Tennessee's basketball team heavily relies on its shirt-to-shirt defense. It's what put the 11-seed Vols in the Sweet 16.
But the sweet turned sour for Coach Cuonzo Martin's team Friday night in Indianapolis when the Vols defense got off to a horrid start, gift-wrapping a 45-34 half-time present for Michigan. The Vols staged a heroic rally down the stretch, but were never able to get the lead.
The Vols trailed 72-64 with 2:23 on the game clock. It was then that the Vols finally went back to their bread and butter. They forced turnovers. They held Michigan scoreless until guard Nik Stauskas hit the first of a one-and-one with 2.1 seconds left to give the Wolverines a nerve-wracking 73-71 victory. Tennessee outscored Michigan by 16 points in the second half, but the Vols spent a lot of energy in making a game of it.
Tennessee's defense gave up too many open looks to the sharp shooting Big Ten team. Michigan scorched the nets in the opening half, hitting 61.5 percent from the field and knocked down seven of nine 3-pointers.
"I think the first half we were kind of playing soft defense,'' said Tennessee's Josh Richardson. "We let them get through and get to the rack whenever they wanted. It was creating open looks from the 3 (point line) because guys had to step down to help.''
The Vols trailed 60-45 before their offense started clicking. They had relied too much on their perimeter shots, instead of going inside to challenge Michigan's interior defense. For much of the game, the Vols had to play without Jeronne Maymon, who was in foul trouble early in the game and scored only two points in 17 minutes.
Michigan's Glenn Robinson III did a solid job on Maymon.
"I tried to be strong in the post,'' Robinson said. "I tried to front it when I could, make them force tough passes into the post. I just tried to make (Maymon) struggle a little bit on offense. And then when we were on offense, I just tried to attack him and find straight line drives down and their coach had to take him out of the game and get four guards in there.''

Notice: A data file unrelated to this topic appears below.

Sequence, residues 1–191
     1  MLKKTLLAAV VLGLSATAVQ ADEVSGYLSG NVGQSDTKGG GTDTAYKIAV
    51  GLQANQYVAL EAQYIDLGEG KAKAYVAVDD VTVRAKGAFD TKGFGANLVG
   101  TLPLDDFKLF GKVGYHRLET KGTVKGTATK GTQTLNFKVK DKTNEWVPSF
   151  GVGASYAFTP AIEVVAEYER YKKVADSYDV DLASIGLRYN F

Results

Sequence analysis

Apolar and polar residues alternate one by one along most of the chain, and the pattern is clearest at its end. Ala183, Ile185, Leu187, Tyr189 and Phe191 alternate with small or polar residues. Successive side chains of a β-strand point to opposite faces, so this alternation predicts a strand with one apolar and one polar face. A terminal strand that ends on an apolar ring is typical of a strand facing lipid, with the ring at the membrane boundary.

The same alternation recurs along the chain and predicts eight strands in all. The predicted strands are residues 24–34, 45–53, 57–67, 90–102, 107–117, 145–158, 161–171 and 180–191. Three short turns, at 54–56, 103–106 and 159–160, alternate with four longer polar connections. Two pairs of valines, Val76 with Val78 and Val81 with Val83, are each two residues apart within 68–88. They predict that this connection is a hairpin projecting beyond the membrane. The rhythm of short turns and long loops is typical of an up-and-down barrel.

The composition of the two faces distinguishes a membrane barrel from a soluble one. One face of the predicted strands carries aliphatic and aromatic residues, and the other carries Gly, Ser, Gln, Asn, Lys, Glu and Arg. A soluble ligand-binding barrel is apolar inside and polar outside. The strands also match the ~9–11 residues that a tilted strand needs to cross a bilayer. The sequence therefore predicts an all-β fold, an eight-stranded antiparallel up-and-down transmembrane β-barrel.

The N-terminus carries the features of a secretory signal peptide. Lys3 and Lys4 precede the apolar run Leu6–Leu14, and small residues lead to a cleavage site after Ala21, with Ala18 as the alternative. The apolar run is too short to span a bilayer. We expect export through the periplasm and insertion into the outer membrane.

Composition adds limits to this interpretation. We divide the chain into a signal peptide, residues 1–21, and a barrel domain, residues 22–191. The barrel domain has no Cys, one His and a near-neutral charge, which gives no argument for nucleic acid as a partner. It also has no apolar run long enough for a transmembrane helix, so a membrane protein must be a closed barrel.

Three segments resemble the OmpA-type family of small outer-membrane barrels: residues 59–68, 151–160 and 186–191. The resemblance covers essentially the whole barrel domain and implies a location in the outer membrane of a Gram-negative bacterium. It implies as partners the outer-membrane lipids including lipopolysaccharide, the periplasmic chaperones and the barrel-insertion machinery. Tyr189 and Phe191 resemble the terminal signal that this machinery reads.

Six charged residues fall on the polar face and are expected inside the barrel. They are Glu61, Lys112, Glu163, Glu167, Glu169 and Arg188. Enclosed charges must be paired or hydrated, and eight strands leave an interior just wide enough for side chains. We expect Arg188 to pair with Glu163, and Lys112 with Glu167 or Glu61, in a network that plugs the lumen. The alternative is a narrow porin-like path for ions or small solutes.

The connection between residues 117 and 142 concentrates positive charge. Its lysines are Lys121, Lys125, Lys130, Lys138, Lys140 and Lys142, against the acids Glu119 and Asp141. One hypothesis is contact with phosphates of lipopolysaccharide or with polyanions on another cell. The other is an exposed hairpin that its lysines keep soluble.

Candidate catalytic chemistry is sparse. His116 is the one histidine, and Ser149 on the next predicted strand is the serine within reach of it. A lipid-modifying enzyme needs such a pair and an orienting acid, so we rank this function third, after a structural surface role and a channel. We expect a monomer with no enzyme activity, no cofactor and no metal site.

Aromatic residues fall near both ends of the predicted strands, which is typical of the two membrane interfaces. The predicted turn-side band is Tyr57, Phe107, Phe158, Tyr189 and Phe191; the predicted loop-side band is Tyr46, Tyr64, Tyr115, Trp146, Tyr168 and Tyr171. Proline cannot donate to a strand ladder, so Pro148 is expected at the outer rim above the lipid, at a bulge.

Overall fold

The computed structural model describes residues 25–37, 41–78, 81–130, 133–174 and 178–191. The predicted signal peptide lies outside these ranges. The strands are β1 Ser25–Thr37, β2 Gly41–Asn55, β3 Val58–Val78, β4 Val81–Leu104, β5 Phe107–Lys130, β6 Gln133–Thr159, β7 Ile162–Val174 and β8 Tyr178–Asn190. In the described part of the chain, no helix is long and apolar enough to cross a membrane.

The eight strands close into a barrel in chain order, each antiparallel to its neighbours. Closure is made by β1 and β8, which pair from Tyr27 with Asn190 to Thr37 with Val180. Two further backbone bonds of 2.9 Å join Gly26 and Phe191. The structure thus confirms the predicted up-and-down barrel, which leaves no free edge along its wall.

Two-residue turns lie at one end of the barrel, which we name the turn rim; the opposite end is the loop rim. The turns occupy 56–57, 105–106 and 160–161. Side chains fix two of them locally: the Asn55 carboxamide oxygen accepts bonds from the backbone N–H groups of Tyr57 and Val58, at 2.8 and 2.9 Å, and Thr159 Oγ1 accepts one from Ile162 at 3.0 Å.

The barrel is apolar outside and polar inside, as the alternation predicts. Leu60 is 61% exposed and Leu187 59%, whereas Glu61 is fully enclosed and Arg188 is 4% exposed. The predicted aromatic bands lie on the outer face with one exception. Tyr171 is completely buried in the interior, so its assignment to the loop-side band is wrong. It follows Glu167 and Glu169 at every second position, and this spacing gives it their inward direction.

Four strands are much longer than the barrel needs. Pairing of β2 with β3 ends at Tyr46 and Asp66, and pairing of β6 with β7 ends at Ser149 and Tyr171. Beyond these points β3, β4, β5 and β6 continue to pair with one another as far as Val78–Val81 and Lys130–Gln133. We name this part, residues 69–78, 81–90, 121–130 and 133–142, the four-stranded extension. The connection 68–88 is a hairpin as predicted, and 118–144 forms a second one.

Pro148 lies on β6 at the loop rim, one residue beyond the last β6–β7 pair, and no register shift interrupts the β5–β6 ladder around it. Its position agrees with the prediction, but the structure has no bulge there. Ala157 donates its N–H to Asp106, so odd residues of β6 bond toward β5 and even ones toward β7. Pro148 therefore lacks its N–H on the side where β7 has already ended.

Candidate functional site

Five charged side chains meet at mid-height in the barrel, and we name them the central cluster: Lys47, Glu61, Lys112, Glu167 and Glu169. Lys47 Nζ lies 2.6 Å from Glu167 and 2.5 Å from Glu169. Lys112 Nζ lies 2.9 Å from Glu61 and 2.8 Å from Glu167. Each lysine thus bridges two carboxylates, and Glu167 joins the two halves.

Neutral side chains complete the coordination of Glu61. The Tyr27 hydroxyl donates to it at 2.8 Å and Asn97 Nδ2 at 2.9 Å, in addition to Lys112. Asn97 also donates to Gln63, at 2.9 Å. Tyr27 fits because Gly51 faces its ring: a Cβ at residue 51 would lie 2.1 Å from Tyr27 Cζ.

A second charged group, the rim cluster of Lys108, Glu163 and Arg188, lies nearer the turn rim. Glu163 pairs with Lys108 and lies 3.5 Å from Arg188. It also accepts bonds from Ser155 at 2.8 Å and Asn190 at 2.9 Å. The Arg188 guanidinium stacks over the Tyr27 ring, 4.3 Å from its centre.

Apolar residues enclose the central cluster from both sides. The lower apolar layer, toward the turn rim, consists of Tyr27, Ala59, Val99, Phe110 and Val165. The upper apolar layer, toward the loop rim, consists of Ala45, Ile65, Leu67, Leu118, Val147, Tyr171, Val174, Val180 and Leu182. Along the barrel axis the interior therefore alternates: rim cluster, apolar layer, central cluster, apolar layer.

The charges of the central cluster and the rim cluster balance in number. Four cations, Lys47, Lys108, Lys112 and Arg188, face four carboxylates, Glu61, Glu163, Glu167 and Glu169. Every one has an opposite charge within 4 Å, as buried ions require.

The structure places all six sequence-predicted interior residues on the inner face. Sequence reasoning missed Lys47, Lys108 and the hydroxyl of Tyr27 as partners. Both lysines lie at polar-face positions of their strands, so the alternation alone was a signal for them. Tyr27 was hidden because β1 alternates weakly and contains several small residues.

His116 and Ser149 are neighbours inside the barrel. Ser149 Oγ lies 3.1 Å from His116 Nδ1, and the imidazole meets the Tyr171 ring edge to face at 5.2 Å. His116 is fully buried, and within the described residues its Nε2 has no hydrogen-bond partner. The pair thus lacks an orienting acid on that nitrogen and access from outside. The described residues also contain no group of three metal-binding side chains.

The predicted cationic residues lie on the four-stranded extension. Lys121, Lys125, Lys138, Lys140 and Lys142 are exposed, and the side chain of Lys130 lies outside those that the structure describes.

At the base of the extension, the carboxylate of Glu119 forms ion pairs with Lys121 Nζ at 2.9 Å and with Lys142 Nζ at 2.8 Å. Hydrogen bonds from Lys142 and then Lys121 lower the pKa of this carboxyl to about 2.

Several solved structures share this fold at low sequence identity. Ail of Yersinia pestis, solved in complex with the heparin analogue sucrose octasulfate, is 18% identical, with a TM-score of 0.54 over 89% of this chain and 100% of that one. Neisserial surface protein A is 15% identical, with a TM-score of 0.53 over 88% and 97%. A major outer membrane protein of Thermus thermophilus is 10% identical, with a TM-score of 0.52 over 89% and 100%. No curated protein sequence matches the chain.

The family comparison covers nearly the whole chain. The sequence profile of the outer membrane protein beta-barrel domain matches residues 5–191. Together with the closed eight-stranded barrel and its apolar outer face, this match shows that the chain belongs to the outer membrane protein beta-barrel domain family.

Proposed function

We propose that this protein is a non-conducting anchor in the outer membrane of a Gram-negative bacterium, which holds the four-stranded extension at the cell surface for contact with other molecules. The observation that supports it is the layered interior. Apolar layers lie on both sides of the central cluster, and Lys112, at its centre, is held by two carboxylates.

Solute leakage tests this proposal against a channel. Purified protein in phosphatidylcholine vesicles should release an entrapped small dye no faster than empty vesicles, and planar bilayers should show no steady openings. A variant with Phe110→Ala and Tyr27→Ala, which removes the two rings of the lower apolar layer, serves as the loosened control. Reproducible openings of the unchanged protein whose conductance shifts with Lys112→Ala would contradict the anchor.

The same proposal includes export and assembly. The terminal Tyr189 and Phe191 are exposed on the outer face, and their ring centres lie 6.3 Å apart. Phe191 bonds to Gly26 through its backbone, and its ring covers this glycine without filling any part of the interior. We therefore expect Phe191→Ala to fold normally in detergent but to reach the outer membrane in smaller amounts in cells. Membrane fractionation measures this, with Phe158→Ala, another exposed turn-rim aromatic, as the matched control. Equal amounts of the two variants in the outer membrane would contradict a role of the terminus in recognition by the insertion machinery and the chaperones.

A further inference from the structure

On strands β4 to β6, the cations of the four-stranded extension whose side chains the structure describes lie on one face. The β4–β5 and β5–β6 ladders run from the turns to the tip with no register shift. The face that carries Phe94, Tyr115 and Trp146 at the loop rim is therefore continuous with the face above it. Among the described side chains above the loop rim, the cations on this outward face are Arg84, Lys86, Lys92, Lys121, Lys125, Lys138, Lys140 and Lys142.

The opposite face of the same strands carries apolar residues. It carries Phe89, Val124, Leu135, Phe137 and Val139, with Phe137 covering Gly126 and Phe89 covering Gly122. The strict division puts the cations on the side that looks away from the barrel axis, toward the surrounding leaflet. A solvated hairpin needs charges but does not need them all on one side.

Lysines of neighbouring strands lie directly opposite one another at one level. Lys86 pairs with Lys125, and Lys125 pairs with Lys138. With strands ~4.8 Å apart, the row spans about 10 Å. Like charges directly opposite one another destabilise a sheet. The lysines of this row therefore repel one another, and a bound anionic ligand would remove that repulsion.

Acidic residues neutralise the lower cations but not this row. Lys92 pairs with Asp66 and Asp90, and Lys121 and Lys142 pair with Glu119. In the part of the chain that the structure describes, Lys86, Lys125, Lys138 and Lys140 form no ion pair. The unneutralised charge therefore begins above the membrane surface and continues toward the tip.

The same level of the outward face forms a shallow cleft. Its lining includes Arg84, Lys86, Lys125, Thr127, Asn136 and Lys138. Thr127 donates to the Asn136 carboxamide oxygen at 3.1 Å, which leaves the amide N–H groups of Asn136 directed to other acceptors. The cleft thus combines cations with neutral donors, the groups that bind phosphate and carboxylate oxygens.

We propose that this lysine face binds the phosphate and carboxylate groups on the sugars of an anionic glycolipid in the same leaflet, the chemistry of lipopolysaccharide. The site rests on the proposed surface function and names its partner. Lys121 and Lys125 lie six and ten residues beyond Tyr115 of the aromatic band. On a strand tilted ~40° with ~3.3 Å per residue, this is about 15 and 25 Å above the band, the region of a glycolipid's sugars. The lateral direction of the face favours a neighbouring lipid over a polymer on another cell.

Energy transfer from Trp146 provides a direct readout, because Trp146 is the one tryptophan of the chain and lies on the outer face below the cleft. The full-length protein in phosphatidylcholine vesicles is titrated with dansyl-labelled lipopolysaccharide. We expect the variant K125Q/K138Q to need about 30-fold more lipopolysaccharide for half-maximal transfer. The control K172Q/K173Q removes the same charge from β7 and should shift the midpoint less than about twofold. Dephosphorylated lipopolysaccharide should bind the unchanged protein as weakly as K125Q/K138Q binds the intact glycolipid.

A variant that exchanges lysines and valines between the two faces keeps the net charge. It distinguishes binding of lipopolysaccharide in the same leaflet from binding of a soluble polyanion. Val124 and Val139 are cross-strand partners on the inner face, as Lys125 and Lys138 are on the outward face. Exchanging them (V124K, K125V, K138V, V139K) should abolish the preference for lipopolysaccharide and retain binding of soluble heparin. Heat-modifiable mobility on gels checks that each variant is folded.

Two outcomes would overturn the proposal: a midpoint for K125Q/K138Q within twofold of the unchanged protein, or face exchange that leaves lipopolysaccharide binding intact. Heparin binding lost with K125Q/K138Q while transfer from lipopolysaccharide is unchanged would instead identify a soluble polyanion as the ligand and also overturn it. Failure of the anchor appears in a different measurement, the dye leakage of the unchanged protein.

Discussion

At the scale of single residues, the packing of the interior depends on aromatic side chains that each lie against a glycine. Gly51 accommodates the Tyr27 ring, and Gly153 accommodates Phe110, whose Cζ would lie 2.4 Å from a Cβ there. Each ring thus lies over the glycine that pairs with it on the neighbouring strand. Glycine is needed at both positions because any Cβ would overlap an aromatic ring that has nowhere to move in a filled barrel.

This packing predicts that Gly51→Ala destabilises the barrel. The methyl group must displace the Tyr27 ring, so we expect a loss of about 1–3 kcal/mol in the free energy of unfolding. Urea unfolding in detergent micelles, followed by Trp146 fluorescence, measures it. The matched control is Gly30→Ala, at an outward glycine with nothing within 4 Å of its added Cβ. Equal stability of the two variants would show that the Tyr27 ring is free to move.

Martin said the key was the Vols playing to their strength in the second half and not launching low percentage perimeter shots.
"We felt like going into the game we could drive the ball, attack the rim, make plays,'' Martin said. "I thought the second half we were very aggressive in getting to the rim and those were the results.''
The Vols kept fighting, even when the outcome looked bleak.. They were an 11-seed after having to win a play-in game against Iowa. Martin had his team believing they could play with any of the teams in the tournament.
"What a great job (Martin) has done with that team,'' Michigan Coach John Belein said. "He's done a great job developing the culture of that program. You feel bad because they worked so hard and came back. We know we beat a really good team.''
Michigan lost in the Final Four championship game a year ago and had the nucleus of this year's team benefitting from that experience.
They featured a four-out guard lineup with big Jordan Morgan anchoring the paint. He led his team with 15 points, with Stanuskas adding 14 points and Robinson III chipping in 13 points as Michigan put four starters in double figures.
It was that balance that prevented Tennessee from stopping one or two players. Michigan did cool off in the second half, as Tennessee turned up the defensive screws.
After hitting 7 of 9 behind the 3-point line in the first half, Michigan only dropped four of 11 treys in the second half. They shot 55.1 percent from the field on 27 of 49 attempts finding the net. They were 55 percent from 3-point land on 11 of 20 and they missed only two of 10 free throws. A solid, all-around, well-rounded lineup proved to be the answer for beating Tennessee.
Tennessee's Jordan McRae led all scorers with 24 points. He also blocked four shots. The Vols were outscored from the 3-point line, 33-9. In math and hoops, 3s beat 2s every time.
And the Vols magic carpet ride came to a crash landing.
Contact wkrn.com Sports Columnist Joe Biddle at email@example.com.